Israeli spacecraft crashes during moon landing

Israeli spacecraft crashes during moon landing

Israeli spacecraft crashes during moon landing

He vowed to put an Israeli spacecraft on the moon "intact" in the next two years.

Once in position to descend, the landing maneuver - split into two phases of decreasing horizontal velocity and then vertical velocity - commenced but failed to land after contact was lost with the spacecraft's main engine, leading to a loss of altitude and subsequent crash landing. Only China's Chang'e 4 spacecraft had recently in January landed on the moon's far side, also known as the dark side because it faces away from the Earth and remains comparatively unknown.

Israel's Beresheet, the first privately-funded mission to the moon, has crashed. Beresheet overcame the issue by restarting the engine. The landing, costing about 100 million USA dollars, was the first such commercial lunar mission.

Israel PM Benjamin Netanyahu who was present in the control room at the consoled the engineers and the nation.

"We unfortunately have not managed to land successfully", said Opher Doron, the general manager of Israel Aerospace Industries' space division.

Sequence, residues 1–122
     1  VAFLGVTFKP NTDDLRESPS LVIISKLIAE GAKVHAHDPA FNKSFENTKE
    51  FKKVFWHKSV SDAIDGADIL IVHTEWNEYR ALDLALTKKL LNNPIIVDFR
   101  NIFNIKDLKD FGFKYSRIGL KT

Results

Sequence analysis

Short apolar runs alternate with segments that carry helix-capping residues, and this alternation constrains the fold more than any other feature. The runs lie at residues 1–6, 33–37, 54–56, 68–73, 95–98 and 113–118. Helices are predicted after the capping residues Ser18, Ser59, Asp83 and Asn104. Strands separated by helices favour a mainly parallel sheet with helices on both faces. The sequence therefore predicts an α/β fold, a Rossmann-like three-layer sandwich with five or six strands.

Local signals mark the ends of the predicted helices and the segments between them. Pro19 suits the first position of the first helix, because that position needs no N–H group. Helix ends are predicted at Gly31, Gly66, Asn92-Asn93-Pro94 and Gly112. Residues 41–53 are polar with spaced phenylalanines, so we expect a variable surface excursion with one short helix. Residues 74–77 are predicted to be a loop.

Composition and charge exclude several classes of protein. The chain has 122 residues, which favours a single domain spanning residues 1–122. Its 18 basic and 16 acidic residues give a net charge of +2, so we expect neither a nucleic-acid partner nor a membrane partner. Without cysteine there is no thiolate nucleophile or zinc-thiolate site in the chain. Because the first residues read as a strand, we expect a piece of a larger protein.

SpaceIL pressed on with its dream, convinced the mission would help inspire Israel's next generation to study science and engineering. The robotic vehicle, produced by SpaceIL and Israel Aerospace Industries, aims to be the first privately funded spacecraft to land softly on the moon. The craft had began preparing for landing on the moon's rocky surface Wednesday. "Israel made it to the moon, Beresheet's journey hasn't ended", chairman of SpaceIL Morris Kahn said.

So far, only Russian Federation, the United States and China have made the 384,000-kilometre (239,000-mile) journey and landed on the Moon.

According to initial assessments, one of the spacecraft's inertial measurement units (IMUs) failed during the landing procedure.

"We thought it's about time for a change, and we want to get little Israel all the way to the moon", Yonatan Winetraub, co-founder of Israel's SpaceIL, a nonprofit organization behind the effort, told The Associated Press in February. It was built by Israeli nonprofit space venture SpaceIL and state-owned defence contractor Israel Aerospace Industries with $100 million furnished nearly entirely by private donors.

"There is a suspicion that we did not land on the moon in the best fashion". It is a privilege to be part of this mission that's taking one more step towards solving it'.

"We made it all the way to the moon". The contest ended previous year with no victor, but the XPRIZE Foundation announced that SpaceIL's accomplishments will be recognized with its inaugural $1 million Moonshot Award after a successful landing today (11 April).

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